| HBS Case Collection
(Revised from original 2007 version)
In September 2006, Russian billionaire Roustam Tariko, founder and owner of Russian Standard, needed to develop a strategy for introducing Russia's most popular brand of premium vodka (RSO) to American consumers. In the past year, he had introduced Imperia, the firm's flagship ultra-premium vodka, in the U.S. market; lined up American importation and distribution partners for Russian Standard; and had worked hard to build excitement for the brand. Beyond establishing RSO's stylishness, Tariko needed to carve out a space for the brand in the crowded American market. Imperia's marketing had emphasized two attributes, superior quality and Russian-ness. In articulating RSO's advertising strategy and tagline, Tariko would need to decide once and for all which attribute to emphasize. He would also need to decide how to articulate this attribute so as to develop discrete identities for each of the two brands. Would Americans respond better to a claim of authenticity, or to a claim of unparalleled purity? And which were RSO and Imperia best equipped to exploit?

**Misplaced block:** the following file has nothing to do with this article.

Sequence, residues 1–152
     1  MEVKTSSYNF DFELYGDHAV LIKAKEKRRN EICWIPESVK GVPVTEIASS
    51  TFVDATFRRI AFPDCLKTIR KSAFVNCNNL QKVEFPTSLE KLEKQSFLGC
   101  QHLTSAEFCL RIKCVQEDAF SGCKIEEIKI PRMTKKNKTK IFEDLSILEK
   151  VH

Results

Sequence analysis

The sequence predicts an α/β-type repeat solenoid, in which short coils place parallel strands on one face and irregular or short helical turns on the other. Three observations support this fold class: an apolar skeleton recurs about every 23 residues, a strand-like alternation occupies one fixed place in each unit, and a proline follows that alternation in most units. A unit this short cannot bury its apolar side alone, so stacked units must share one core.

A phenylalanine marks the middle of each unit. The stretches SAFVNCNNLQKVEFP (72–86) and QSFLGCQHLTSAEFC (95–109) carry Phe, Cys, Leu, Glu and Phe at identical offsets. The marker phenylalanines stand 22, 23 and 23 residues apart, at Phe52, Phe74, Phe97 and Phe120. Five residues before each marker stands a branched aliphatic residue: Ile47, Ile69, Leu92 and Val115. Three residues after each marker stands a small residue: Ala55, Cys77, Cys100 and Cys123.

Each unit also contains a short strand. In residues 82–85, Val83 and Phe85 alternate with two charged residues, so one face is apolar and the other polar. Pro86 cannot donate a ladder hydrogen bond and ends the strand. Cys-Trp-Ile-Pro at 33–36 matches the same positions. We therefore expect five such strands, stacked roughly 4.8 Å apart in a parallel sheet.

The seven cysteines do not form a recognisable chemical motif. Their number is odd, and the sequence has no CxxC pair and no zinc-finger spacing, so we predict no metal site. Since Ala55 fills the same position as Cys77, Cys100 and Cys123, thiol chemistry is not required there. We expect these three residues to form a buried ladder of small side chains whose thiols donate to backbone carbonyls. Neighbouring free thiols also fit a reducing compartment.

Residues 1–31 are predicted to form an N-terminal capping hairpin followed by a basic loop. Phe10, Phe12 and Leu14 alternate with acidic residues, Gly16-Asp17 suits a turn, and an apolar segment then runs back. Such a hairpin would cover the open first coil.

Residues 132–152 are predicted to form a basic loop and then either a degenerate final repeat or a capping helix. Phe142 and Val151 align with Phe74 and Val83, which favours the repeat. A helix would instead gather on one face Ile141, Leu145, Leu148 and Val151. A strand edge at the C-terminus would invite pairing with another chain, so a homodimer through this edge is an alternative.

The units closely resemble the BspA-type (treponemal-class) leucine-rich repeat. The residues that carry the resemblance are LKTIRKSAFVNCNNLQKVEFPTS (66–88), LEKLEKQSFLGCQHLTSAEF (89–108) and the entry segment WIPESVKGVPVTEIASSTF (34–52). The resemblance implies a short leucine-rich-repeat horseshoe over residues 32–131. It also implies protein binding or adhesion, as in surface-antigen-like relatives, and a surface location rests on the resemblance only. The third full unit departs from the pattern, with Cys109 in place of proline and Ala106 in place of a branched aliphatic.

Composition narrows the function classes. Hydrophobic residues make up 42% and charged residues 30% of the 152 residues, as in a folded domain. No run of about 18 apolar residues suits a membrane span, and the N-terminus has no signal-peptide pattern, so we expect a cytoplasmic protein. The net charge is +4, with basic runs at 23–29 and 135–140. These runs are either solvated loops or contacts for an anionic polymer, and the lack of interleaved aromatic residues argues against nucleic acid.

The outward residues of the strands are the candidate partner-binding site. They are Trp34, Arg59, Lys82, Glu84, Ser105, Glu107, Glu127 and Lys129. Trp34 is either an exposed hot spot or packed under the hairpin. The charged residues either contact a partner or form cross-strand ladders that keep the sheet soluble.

Keywords: Brands and Branding;
Food and Beverage Industry;
Deshpande, Rohit, and Seth Schulman. "Russian Standard." Harvard Business School Case 508-053, April 2008. (Revised from original November 2007 version.)